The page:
Global Islamism Monitor No. 58

Related Categories: Democracy and Governance; Human Rights and Humanitarian Issues; Islamic Extremism; Terrorism; Middle East; Iran; Africa

SECTARIAN DIVISIONS DEEPEN IN NIGERIA
Unrest among Nigeria's Shi'ites could change the dynamics of that country's Islamist insurgency. Traditionally, Boko Haram, a Sunni extremist group, has dominated the country's Islamist milieu. But recent clashes outside the capital, Abuja, have raised the specter of a different sectarian threat. The clashes, which occurred between government forces and Shi'ite protesters, erupted over a procession marking the Shi'ite holiday of Arbeen and agitating for the release of Ibrahim Zakzaky, the head of the Shi'ite Islamic Movement of Nigeria (IMN), who has been imprisoned since 2015. The IMN has accused government forces of killing nearly 30 of its members in the resulting confrontation, sharpening pre-existing tensions between the government of President Muhammadu Buhari and the country’s Shi'ite minority.

Observers have expressed fears that the incident, as well as underlying grievances, could lead the IMN to become a "second Boko Haram." "The Shia ideology is in opposition of what the establishment follows, which is Saudi Arabian Wahabism," notes Michael Olufemi Sodipo of the Peace Initiative Network, a Nigerian peacebuilding organization. "And the IMN has a lot of followers in the north. We are also entering an election period." (Berlin Deutsche Welle, October 30, 2018)

THE COST OF PAKISTANI REFORM
Amid mass protests in Pakistan’s capital, Maulana Sami-ul Haq, the radical cleric dubbed the "the father of the Taliban," has been killed at his home outside Islamabad. Haq was reportedly stabbed and shot to death while lying in bed without the protection of his bodyguard or driver. The attack is likely linked to ongoing protests and violence throughout the country over a Christian woman, Asia Bibi, who was acquitted of blasphemy charges - a verdict which resulted in calls for the death of the presiding judges in the case, and for armed uprisings. Haq had found himself on the wrong side of the controversy; although an Islamist and a prominent member of one of the country's conservative religious parties, he had of late aligned himself with the agenda of new liberal Prime Minister Imran Khan, who is attempting to institute religious reforms on the conservative electorate. (Washington Post, November 2, 2018)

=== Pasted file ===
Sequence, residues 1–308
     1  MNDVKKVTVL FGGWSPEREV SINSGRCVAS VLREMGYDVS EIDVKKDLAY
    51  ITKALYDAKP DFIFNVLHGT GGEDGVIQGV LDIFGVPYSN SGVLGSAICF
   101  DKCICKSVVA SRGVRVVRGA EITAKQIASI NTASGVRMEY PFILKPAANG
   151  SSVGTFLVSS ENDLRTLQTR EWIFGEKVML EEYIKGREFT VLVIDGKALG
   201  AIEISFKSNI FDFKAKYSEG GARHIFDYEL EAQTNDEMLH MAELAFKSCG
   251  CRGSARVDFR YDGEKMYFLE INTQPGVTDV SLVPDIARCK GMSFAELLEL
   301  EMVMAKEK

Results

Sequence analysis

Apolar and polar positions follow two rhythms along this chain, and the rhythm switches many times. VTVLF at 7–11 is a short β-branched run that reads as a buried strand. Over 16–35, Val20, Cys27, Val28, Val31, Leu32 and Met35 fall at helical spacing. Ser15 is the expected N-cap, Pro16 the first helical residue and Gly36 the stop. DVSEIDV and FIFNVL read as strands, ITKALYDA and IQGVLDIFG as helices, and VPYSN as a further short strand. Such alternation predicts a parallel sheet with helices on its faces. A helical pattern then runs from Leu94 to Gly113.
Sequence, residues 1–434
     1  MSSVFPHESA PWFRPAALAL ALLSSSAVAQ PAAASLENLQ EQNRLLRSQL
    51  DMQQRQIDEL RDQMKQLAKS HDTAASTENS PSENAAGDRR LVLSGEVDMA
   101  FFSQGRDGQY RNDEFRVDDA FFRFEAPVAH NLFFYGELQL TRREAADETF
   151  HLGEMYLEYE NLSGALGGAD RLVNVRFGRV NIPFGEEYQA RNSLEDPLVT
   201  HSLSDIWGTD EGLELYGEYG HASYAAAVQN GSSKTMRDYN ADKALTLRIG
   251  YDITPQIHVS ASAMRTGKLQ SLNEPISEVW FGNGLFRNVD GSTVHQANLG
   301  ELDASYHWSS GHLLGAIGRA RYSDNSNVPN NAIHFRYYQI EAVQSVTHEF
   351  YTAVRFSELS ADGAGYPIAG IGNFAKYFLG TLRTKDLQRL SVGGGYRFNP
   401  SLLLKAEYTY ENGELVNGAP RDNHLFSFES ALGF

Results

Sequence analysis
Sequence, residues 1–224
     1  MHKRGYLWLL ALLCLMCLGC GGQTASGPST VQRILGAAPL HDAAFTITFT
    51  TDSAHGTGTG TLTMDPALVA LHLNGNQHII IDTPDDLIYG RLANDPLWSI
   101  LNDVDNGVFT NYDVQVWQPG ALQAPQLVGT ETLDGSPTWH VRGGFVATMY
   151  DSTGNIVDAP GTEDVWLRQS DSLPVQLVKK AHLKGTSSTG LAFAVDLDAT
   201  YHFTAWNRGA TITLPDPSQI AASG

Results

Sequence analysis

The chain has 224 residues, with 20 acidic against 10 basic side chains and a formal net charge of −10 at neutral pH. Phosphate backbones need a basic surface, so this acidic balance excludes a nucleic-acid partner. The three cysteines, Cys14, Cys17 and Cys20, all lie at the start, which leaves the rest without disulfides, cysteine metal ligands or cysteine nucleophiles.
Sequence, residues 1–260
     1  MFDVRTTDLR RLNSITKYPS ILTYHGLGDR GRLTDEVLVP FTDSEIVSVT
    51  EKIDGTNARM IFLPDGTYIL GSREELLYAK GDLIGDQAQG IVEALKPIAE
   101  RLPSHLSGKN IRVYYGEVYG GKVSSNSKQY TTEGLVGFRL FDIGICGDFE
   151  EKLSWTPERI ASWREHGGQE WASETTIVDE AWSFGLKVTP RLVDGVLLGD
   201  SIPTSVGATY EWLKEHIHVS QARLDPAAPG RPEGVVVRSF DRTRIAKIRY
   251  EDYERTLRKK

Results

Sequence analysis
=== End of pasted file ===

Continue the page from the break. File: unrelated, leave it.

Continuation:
THE PACE OF PALESTINIAN TERRORISM
Israel continues to confront a pervasive domestic threat environment, one of the country's top security officials has told the Knesset. In recent testimony to the parliament's Foreign Affairs and Defense Committee, Nadav Argaman, the Director of the Shin Bet, Israel's domestic security service, revealed that the country has thwarted 480 substantial terror attacks, 590 potential lone wolf attacks, and uncovered 219 separate cells of the radical Hamas movement over the past twelve months. To keep pace with the fast-moving nature of the threat, the Shin Bet is employing a number of new tactics - including monitoring Palestinian social media accounts. relying on informants, and using complex algorithms that assess the likelihood a particular individual will engage in terrorism. (Jerusalem Post, November 6, 2018)

RUSSIAN WORRIES OVER JIHADIST RECONCILIATION
Is an al-Qaeda-ISIS merger in the offing? Russia's intelligence agencies seem to think so. According to Russia's Federal Security Service (FSB), the Bin Laden network and the Islamic State may be willing to put their differences aside and work together in the face of common threats from the United States and other Western nations. The head of the FSB, Alexander Bortnikov, has warned publicly that there are signs of an "imminent merge" between the two rival Islamist groups - a development that would both change and expand the threat these organizations now pose to Russia and other nations. "Both organizations use a similar ideological basis and common manpower for replenishing each other's units," and therefore a merger is not out of the question despite their ideological differences, Bortnikov explained to a recent conference of law enforcement officials in Moscow. (London ASharq al-Awsat, November 8, 2018)